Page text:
DOVER — It may be on a different date, but the “Positively Dover” African American Festival returns in 2022 with the same good vibes, energy and fun as previous renditions.
Normally held the fourth Saturday of each June, this year’s festival will be held this Saturday, starting at 11 a.m., due to an event already scheduled for Legislative Mall on June 25.
But Kathrina Stroud, executive director of Dover’s Inner City Cultural League, presenters of the annual gathering, assures that this is just a one-year change. She said it has been a little hectic lining up things for a different day.
“People were saying, ‘What? Why did you change the week?’ So there’s a lot of explaining going on. ‘Well, you know, we just didn’t get it scheduled this time. There’s another event that day. So we moved it earlier,’” she said.
Due to the pandemic, the African American Festival was virtual in 2020 and a bit smaller in 2021. Ms. Stroud said that, while the festival is back, it will still sport a smaller footprint.
“I think that the people were so glad that it was out there (last year). We actually had fewer vendors because we chose in our plan for large outdoor events — which the state requires — we chose to space our vendors farther apart, so there wouldn’t be large groups, or it would be easier to manage large groups that were in certain areas. And we chose to do the same thing this year,” she said.
“I don’t know that everyone takes it as seriously as they did the last couple of years, but we’re still in (the pandemic). There are kids that are getting sick. School classrooms are shut down because of it. And we know this because our kids are coming (to the league), and sometimes, they won’t show up, and we’ll get the notice from the school. So we just decided to be safe again this year. And hopefully, next year, we’ll be back up to 100 or more vendors.”
The festival will still feature around 50 merchants Saturday, including those selling beauty products, books, art, jewelry, clothing, bags, hats and, of course, one of its staples since its founding in 1991, food. And lots of it.
“It’s got to be fun. You have to be able to walk around. That’s kind of my thing. I like when I go places to just walk around. I like to see everything, talk to everybody. So if you only have two or three vendors, that’s not quite as much fun, even though the entertainment is excellent. That’s part of the experience, as well.”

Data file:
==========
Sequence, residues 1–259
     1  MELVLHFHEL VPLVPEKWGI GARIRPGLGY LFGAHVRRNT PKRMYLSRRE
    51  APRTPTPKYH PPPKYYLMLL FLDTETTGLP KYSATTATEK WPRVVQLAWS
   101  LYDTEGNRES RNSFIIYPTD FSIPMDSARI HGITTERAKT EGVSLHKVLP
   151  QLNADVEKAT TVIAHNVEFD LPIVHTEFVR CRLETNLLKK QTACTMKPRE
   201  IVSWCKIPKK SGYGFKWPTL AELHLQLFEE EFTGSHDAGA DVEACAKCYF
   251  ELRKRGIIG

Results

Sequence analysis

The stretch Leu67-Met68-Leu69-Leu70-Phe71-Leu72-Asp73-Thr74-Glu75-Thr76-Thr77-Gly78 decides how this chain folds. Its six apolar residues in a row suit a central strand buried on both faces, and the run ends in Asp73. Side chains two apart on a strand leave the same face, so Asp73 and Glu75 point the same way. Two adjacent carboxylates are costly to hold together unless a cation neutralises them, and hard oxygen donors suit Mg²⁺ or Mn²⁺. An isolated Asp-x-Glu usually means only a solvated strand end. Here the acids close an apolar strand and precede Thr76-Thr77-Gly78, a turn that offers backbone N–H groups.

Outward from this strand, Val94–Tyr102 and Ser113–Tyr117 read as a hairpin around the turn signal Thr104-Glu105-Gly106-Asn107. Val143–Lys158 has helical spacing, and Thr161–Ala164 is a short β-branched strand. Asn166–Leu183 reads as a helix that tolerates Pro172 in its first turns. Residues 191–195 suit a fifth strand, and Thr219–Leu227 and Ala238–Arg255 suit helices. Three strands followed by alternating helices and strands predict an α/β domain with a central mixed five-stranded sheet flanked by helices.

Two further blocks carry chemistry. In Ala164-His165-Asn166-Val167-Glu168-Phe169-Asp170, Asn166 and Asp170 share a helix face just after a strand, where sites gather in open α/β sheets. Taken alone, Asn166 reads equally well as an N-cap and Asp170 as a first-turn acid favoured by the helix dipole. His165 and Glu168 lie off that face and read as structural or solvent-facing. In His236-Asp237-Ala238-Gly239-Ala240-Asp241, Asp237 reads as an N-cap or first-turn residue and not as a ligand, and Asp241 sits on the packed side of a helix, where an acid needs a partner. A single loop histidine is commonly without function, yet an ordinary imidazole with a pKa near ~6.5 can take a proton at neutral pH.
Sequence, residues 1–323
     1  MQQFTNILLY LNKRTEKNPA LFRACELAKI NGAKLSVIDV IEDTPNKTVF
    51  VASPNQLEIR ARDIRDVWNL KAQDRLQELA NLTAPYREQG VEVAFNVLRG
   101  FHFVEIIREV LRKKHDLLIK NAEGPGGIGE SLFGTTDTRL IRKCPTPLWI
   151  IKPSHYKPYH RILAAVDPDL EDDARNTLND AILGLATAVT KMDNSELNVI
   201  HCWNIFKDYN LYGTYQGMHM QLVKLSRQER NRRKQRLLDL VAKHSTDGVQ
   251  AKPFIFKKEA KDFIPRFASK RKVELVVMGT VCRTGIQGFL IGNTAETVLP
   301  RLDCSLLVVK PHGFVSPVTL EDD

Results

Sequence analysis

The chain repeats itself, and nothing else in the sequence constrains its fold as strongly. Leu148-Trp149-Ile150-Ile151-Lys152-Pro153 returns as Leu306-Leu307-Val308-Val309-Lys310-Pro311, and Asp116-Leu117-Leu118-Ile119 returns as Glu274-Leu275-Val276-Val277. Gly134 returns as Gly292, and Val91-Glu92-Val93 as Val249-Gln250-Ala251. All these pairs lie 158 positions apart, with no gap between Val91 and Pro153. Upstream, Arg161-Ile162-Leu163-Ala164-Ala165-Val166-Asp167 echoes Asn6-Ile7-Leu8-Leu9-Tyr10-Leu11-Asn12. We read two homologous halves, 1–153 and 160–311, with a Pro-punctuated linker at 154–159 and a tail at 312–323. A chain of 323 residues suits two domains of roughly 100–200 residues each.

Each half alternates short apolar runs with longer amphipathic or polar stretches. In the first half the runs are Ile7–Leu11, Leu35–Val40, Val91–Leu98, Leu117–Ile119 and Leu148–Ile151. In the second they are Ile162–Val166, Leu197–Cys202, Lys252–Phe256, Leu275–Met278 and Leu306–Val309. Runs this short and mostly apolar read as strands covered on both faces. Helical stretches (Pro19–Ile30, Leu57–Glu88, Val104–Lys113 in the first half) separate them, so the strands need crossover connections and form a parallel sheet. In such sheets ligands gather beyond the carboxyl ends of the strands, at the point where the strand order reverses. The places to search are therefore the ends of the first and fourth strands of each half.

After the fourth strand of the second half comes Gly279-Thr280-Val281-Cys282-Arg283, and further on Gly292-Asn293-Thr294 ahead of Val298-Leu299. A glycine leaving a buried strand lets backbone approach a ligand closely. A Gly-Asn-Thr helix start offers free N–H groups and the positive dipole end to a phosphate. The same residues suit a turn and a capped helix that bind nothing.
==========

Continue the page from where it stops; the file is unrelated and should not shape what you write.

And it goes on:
Programming will begin with the grand procession, featuring the Sankofa African Dance Co., followed by gospel songs by the Freedom Festival Singers of Philadelphia; the Trinidad and Tobago Baltimore Steel Orchestra; and the West African Drummers of Delaware with pieces from Guinea, West Africa. Closing out the day will be R&B music from The Comfort Zone Band of Washington.
Hands-on children’s activities will also be part of the day, though the moon bounce will not, in accordance with the festival’s COVID-19 precautions.
As always, “Positively Dover” will be open to all.
“That is our goal, to share the culture. We’re all subject to stereotyping. We do it, and we don’t even realize it, but when everyone comes together, we kind of find out that we’re all interested in having a wonderful time, having our families with us, being safe, being successful, all those kinds of things. Those things are not different from culture to culture,” Ms. Stroud said.
“We just hope to share some of the things that go on in the African American culture and in the United States. We also bring in Africans, who think of African Americans as being a different culture than Africans. But this is for everyone.”
For information on the rain-or-shine event, visit here or call 302-883-2180.